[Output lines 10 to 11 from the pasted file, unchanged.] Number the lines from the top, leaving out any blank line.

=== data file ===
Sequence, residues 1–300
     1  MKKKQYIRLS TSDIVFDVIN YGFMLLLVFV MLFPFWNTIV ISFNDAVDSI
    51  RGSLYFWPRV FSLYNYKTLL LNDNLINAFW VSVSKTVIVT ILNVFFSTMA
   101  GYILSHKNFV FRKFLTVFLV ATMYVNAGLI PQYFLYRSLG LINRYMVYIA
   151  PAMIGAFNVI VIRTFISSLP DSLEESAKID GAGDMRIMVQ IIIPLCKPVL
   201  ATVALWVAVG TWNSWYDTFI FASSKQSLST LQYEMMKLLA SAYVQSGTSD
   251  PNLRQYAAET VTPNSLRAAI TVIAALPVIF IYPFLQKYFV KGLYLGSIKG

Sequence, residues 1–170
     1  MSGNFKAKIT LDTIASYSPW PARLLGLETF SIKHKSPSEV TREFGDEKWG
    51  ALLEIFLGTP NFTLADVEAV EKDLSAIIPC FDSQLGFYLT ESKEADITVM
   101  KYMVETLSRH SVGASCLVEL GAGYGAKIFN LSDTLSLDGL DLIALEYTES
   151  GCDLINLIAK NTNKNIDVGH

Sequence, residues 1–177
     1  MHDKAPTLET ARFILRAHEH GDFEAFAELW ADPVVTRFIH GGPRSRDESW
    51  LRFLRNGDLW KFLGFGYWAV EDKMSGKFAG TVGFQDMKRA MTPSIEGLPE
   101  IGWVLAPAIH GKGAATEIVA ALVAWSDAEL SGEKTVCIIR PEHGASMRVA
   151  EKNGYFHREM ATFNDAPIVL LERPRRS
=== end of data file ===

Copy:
    51  ALLEIFLGTP NFTLADVEAV EKDLSAIIPC FDSQLGFYLT ESKEADITVM
   101  KYMVETLSRH SVGASCLVEL GAGYGAKIFN LSDTLSLDGL DLIALEYTES